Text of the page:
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Philipp L. Mueller, Simone Müller, Martin Gliem, Kristina Küpper, Frank G Holz, Wolf M Harmening, Peter Charbel Issa; Perception of Haidinger’s Brushes in Macular Disease Depends on Macular Pigment Optical Density and Visual Acuity. Invest. Ophthalmol. Vis. Sci. 2016;57(12):3702. doi: https://doi.org/.
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© ARVO (1962-2015); The Authors (2016-present)
To optimize the perceptibility of Haidinger’s brushes and to investigate its association with visual acuity and macular pigment optical density.
This monocenter prospective cross sectional study included 92 eyes of 46 healthy subjects and 198 eyes of 99 subjects with retinal diseases affecting the macula. Each subject underwent best corrected visual acuity (BCVA) testing, funduscopy, and assessment of macular pigment optical density (MPOD) using the two-wavelength fundus autofluorescence method. Haidinger’s brushes visibility was tested with an optimized rotating linear polarizer and a controllable 3-LED color panel as light source. A simple model of macular pigment absorption was used to predict visibility of the entoptic phenomenon as a function of stimulus wavelength and MPOD.
All healthy subjects and 34% of the subjects with macular diseases perceived Haidinger brushes with the optimized setup (“blue” LED-color, 464nm). The degree of psychophysical perception and the dependency on different wavelengths was in accordance with the absorptance model. In eyes of subjects with age-related macular degeneration (n=40) and cone/cone-rod dystrophy (n=106), minimum thresholds of MPOD and BCVA (≤ 0.6 LogMAR) were identified to be generally required for the perception of Haidinger’s brushes. Subjects with macular telangiectasia (MacTel) type 2 (n=52) showed lowest values of MPOD and were consistently unable to perceive the entoptic phenomenon despite relatively preserved BCVA.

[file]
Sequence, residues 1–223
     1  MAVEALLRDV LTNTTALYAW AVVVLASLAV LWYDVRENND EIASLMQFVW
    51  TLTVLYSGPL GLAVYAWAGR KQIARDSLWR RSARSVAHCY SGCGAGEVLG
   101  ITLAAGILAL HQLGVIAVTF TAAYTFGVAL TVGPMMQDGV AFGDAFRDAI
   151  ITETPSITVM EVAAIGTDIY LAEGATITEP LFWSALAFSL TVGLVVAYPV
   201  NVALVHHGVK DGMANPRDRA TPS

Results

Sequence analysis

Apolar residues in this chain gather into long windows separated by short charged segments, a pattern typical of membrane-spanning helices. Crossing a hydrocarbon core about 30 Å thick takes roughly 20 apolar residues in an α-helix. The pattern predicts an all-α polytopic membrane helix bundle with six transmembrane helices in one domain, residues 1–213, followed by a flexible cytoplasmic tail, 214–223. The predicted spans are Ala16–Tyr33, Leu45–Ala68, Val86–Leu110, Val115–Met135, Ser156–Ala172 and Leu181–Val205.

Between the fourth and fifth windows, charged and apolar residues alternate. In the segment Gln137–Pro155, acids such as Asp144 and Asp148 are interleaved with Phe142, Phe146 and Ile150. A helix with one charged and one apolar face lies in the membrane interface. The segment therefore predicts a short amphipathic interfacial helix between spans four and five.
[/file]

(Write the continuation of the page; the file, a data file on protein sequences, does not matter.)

Macular pigment and a relatively preserved foveal function are necessary for the perception of Haidinger’s brushes. Using an optimized setup, healthy subjects are consistently able to perceive Haidinger’s brushes. However, they cannot be seen by subjects with macular disease resulting in low BCVA or MPOD. Haidinger’s brushes are usually not perceived by subjects with MacTel type 2, likely due to their characteristic foveal depletion of macular pigment.
This is an abstract that was submitted for the 2016 ARVO Annual Meeting, held in Seattle, Wash., May 1-5, 2016.
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